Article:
JennyJ, you are right. I'd love garden of big blousey azaleas but being close to two marble quarries does mean we are pretty limey so I know they would hate being planted out. I'll have to do some reading on keeping a few pots on the go. On the plus side it rains A LOT, so watering won't be an impossible task. That's also a good thought on access, I think given the size, just doing the top two thirds would keep me busy enough for now.

    Cheers Flinster, it is a beast of a border. We didn't really take the garden in to consideration when we brought the house, so the initial maintenance came as a shock! I'll be grabbing an A3 pad to plot on, I much prefer that to trying to learn software to do the job. Do you have any plant / tree / shrub recommendations to provide the larger structure?

    AnniD. Yes all by hand. I took a layer of turf off today, it will definitely save on having to go to the gym :smile: I do like the idea of a couple of raised sections, which along with the pots could allow for a little more variety. Plenty to think about. A stone edging would repeat well against the stone walls too.

  • Lizzie27Lizzie27 Posts: 11,200
    I would start by the gatepost as you suggest and dig a smallish section at a time and get that planted up. If you are going to try digging it all by hand, you might well rue the day you started, especially if you are new to gardening. It's so easy to get carried away in the initial enthusiasm but life and stuff tend to get in the way and you won't want a big sea of mud!   Put your big shrubs and/or trees towards the back, leaving at least 1 metre between them and the wall so they will have room to grow.  
    North East Somerset - Clay soil over limestone
  • EnnylEnnyl Posts: 24
    If this is 'just' a side border and you are planning to landscape the rear garden,  I would create a low maintenance shrubbery - and leave the lovely, but higher maintenance perennial borders to the rear.
    I agree with AnniD and think about repeat planting.
    A line of Amelanchier multi - stem trees against the boundary for all year round interest (and privacy) then with a repeat of the hydrangeas and ceanothus in front, with some blousy roses for colour (interspersed with spring bulbs and alliums) would look fab.
    Also, you can get some great discounts if you buy in bulk.
    I recommend Strulch for mulching large areas - pricy but easy to use and lasts 2 years.
    Save your energy for the rear as that is where you will spend more time to enjoy your efforts.
    So excited for you.
  • WestCoastWestCoast Posts: 17
    Thanks Lizzie27. There is the remains of an old path along the length of the wall, so I think I'll clear what little grass there is there and gravel the 1 meter width to cut down on weeding, unless there are any reasons to mulch there instead?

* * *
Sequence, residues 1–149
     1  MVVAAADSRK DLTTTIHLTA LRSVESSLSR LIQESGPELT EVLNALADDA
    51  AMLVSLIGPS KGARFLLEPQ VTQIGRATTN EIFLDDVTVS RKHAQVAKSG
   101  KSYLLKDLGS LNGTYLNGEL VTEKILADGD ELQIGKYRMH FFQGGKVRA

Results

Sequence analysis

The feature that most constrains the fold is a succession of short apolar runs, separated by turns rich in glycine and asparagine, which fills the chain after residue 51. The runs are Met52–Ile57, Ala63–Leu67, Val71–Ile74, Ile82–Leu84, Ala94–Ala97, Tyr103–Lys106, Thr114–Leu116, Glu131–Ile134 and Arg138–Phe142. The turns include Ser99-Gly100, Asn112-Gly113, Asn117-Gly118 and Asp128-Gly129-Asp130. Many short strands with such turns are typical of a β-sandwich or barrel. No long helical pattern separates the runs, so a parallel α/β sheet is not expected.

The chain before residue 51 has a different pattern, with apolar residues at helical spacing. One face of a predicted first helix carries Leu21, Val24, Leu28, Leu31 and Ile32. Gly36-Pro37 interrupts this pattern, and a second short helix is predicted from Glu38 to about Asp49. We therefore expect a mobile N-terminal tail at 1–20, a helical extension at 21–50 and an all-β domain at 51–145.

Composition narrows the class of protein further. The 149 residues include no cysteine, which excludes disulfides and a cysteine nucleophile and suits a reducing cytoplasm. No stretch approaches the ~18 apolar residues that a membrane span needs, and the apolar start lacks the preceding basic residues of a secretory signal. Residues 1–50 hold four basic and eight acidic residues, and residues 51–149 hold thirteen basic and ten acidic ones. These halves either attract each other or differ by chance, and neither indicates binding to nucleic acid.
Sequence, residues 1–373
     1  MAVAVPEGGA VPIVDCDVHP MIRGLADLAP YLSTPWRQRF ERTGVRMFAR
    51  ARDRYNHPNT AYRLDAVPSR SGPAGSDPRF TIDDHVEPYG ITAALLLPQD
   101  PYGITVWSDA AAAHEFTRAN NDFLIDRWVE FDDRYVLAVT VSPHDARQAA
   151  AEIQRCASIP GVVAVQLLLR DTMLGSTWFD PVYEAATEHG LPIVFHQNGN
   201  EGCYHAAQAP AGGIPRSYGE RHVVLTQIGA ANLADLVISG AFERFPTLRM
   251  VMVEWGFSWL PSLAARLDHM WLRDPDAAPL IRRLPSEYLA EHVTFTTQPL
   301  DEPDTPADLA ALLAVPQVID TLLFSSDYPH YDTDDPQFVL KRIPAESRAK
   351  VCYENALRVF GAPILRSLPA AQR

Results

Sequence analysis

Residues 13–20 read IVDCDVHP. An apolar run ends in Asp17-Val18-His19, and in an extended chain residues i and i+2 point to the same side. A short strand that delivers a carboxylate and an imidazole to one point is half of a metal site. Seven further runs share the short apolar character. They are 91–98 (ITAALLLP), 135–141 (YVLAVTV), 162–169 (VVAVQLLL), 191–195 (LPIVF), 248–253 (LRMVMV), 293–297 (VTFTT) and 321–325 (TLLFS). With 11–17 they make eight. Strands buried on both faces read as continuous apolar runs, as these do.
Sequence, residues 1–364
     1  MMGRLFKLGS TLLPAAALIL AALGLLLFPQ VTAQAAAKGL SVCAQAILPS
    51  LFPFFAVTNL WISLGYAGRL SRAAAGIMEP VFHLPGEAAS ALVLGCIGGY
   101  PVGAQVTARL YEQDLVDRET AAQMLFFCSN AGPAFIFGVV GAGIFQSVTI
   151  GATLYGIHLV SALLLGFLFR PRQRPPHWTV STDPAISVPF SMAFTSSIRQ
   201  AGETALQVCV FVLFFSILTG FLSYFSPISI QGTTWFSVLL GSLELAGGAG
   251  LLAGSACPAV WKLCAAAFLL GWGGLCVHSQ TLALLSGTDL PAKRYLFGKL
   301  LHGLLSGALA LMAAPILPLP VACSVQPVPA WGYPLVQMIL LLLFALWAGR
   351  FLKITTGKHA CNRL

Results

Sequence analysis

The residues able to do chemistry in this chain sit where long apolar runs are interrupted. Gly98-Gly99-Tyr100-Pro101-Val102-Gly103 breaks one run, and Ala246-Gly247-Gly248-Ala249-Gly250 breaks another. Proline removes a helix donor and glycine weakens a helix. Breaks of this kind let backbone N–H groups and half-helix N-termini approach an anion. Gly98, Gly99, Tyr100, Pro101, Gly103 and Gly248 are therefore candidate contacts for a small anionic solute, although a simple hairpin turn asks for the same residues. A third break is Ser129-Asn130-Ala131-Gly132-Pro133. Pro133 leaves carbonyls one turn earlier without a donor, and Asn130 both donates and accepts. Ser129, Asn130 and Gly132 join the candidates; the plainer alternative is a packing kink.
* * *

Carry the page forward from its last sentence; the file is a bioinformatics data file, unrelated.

Ennyl, the Amelanchier multi - stems are beautiful. I hadn't heard of them before and do like the idea of a row of them very much. I think I'm going to have to do some reading up on spread, so I can plot on the paper the best planting distances. They would like striking.

    I'm warming to the idea of a purple, blue, white olantipl scheme with the hydrangea, Ceanothus and Alliums. Very simple and striking. 
  • PerkiPerki Posts: 2,368
    Ceanothus are quite vulnerable to a cold wind they tend die back , it be better suited to a sheltered site if you have one, I saw plenty of died ones after the cold winter of 2017/2018 beast from the east. 

    You seem quite fond of alliums like me  :) I have for to many ( not enough  ;) ) I were looking at the front border today and it just looks like a forest of allium leaves. I'd have even more if I stopped chopping them up with the spade. Bulbs are normally the last plants to go in when planting up a border otherwise chop chop chop  :'(  

    I have a Amelanchier lamarkii nice tree , saw a large multi stem today about 6-7ft tall £169 , they not something I would plant as a row more of a specimen plant . 
  • Lizzie27Lizzie27 Posts: 11,200
    I like the sound of that colour scheme. It's up to you whether you use gravel or mulch, both have their benefits. Mulch is probably cheaper but needs replacing every couple of years. Gravel on top of the existing path would also work but try to tie in the colour to match the wall if you can. Cats love both!  A line of amelanchiers would look fab, but they are not cheap and I would research whether they would grow well in the Irish climate.
    North East Somerset - Clay soil over limestone